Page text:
On 28 Dec 2013, at 16:51, Jason Resch wrote:



On Dec 28, 2013, at 6:09 AM, Bruno Marchal <marc...@ulb.ac.be> wrote:


On 28 Dec 2013, at 04:56, Jason Resch wrote:




On Fri, Dec 27, 2013 at 10:42 PM, Stephen Paul King <stephe...@provensecure.com > wrote:
Hi Jason,

"Any program, and whether or not it ever terminates can be translated to a statement concerning numbers in arithmetic. Thus mathematical truth captures the facts concerning whether or not any program executes forever, and what all of its intermediate states are. "

this also captures every instance of random numbers as well.

It is not clear to me what "random" means in arithmetical truth.

Randomness can appear from the perspectives of observers, but I don't see how it can arise in arithmetic.

?

It appears in all numbers written in any base. Most numbers are already random (even incompressible).
I guess you know that.

I agree most numbers are incompressible, but I was using random in a different sense than the unpredictability of the next digits of the number given previous ones.

OK. But in the iterated self-duplication, both form of indeterminacy can be mixed.




In the phi_i(j) in the UD, randomness can appear in the many j used as input, as we usually dovetail on the function of one variable. (but such input can easily be internalized in 0-variable programs).

For a long time I got opponent saying that we cannot generate computationally a random number, and that is right, if we want generate only that numbers.

Right, all the random numbers are there, the question is how to throw the dart so that it lands on one.

Of course. And here the 1-indetermlinacy provides one answer.




but a simple counting algorithm generating all numbers, 0, 1, 2, .... 6999500235148668, ... generates all random finite incompressible strings, and even all the infinite one (for the 1p view, notably).

I think we are using the term in a slightly different sense. Certainly any number in the range 1 - N can be considered as a random number in that range (as it is a candidate to be output by some RNG), but the problem is selecting it in a random (in the sense of not-predictable) way.

Yes. here I just point on the fact that random number (with random digits) exists.




There was a joke cartoon of some computer code:

int getRandomNumber()
{
  return 4; // this number was determined by a random die roll
}


Lol
Close to my favorite infinite binary random sequence:
00000000000000000000000000000000000000000000000000000000...

The term "random" is very large.




While a number can be interpreted as random once, it might not be the second time.

While selecting and using all possibilities is arguably a way to achieve randomness (unpredictibilty), (from some points of view) it is often not practical nor useful. Consider encrypting a message with all possible keys and sending the recipient all possible messages.

Not only might you need to send 2^256 possible ciphertexts but any eavesdropper could use the first possible key to decrypt it. This achieves randomness from the POV of the cipher, but not for the user or the attackers.

In quantum cryptography this is essentially what is done, but it requires that the sender and reciever (and attackers) be duplicated for each possible key. So they need to be embedded in that larger program that provides all possible inputs for it to seem random. This is just FPI though, is it not?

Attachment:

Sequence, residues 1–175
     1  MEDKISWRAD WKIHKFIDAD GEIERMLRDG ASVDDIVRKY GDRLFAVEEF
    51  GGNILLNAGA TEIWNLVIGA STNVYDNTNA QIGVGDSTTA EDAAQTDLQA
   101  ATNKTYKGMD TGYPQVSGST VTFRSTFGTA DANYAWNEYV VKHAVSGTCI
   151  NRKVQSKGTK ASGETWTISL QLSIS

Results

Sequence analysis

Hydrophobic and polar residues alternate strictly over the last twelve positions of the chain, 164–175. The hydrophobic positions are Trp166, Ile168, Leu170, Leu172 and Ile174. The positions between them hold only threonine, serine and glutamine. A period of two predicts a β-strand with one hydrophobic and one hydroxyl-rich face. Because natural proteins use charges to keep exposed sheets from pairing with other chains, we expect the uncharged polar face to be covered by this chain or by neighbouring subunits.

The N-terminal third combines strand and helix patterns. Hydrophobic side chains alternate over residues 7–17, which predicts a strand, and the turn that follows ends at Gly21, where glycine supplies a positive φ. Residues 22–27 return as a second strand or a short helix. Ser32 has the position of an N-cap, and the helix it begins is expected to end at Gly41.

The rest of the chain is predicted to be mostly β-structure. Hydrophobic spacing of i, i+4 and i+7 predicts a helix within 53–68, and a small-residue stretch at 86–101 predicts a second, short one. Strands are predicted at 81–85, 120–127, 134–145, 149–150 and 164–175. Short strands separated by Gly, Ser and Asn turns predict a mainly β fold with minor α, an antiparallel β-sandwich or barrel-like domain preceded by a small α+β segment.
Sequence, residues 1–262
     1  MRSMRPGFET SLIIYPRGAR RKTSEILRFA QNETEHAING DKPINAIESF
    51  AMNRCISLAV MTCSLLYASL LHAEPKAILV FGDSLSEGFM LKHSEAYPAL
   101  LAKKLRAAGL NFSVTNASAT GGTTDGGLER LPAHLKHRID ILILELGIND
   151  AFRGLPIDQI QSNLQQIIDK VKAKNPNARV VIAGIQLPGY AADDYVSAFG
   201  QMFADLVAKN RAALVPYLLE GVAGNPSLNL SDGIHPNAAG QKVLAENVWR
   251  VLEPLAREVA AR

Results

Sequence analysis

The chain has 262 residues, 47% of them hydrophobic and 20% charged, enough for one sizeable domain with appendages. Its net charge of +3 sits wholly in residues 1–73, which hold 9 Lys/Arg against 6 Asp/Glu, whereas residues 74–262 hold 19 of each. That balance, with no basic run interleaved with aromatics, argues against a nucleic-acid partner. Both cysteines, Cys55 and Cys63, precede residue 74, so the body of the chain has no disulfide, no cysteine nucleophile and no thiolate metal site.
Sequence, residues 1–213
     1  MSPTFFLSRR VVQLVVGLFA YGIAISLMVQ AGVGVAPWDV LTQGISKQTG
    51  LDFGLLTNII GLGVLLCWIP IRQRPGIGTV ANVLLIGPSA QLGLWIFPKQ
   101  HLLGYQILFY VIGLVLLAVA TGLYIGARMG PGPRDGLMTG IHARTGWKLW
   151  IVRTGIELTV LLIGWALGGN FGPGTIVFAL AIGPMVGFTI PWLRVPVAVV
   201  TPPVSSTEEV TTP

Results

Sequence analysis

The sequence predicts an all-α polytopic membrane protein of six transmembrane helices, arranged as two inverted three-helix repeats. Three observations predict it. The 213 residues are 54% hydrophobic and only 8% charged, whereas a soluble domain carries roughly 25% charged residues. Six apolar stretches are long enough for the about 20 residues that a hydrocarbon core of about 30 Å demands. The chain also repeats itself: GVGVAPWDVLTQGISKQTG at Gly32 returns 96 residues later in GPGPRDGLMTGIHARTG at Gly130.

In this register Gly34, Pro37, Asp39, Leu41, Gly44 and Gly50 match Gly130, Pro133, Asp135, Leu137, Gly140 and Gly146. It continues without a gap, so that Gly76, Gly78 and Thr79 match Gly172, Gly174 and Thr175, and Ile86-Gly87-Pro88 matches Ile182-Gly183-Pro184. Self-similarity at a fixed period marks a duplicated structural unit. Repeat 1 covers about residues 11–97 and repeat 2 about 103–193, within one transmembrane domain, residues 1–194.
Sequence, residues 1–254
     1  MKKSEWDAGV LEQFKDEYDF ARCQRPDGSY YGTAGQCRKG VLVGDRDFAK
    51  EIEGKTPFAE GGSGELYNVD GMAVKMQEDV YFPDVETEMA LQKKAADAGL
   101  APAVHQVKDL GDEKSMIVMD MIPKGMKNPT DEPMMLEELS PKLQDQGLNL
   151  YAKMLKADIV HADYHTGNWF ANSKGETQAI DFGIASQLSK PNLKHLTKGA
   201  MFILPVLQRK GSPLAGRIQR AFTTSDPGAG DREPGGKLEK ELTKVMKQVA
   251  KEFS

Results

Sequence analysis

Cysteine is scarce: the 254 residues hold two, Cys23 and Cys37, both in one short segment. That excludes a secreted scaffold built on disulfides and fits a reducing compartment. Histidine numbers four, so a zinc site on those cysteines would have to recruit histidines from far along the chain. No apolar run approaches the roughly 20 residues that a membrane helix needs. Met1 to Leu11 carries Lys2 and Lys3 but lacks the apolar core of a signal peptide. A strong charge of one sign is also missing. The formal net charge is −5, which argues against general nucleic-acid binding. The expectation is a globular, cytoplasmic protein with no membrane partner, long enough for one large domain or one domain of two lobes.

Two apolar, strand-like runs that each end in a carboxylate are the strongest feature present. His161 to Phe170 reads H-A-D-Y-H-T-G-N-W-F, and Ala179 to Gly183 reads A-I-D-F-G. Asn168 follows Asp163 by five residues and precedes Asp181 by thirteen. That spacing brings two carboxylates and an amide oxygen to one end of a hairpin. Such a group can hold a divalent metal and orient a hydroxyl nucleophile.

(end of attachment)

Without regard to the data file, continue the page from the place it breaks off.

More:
Yes.

Bruno




Jason


In that (trivial) sense, arithmetic contains a lot of 3p randomness, even perhaps too much. Then 1p randomeness appears too, by the 1p indeterminacy (and that one is in the eyes of the machine).

Chaitin's results can also explain why we cannot filter out that 3p randomness from arithmetic.

Bruno



What method is deployed to ensure that a program is not just a "regular" random number and not some random number prefixed on a "real" halting program?

It don't see how it makes a difference.


Truth is not a measure zero set, or is it?

I don't understand this question..  Could you clarify?

Jason




On Fri, Dec 27, 2013 at 10:09 PM, Jason Resch <jasonre...@gmail.com> wrote:



On Fri, Dec 27, 2013 at 9:31 PM, Stephen Paul King <stephe...@provensecure.com > wrote:
Hi Jason,

Could you discuss the "trace of the UD" that LizR mentioned? How is it computed? Could you write an explicit example? I have never been able to grok it.


Bruno has written an actual UD in the LISP programming language. I will write a simple one in pseudo-code below:

List listOfPrograms = new List[]; # Empty list
int i = 0;
while (true)
{
# Create a program corresponding to the binary expansion of the integer i
   Program P = createProgramFromInteger(i);

   # Add the program to a list of programs we have generated so far
   listOfPrograms.add(P);

# For each program we have generated that has not halted, execute one instruction of it
   for each (Program p in listOfPrograms)
   {
     if (p.hasHalted() == false)
     {
        executeOneInstruction(p);
     }
   }

# Finally, increment i so a new program is generated the next time through
   i = i + 1;
}


Any program, and whether or not it ever terminates can be translated to a statement concerning numbers in arithmetic. Thus mathematical truth captures the facts concerning whether or not any program executes forever, and what all of its intermediate states are. If these statements are true independently of you and me, then the executions of these programs are embedded in arithmetical truth and have a platonic existence. The first, second, 10th, 1,000,000th, and 10^100th, and 10^100^100th state of the UD's execution are mathematical facts which have definite values, and all the conscious beings that are instantiated and evolve and write books on consciousness, and talk about the UD on their Internet, etc. as part of the execution of the UD are there, in the math.

Jason



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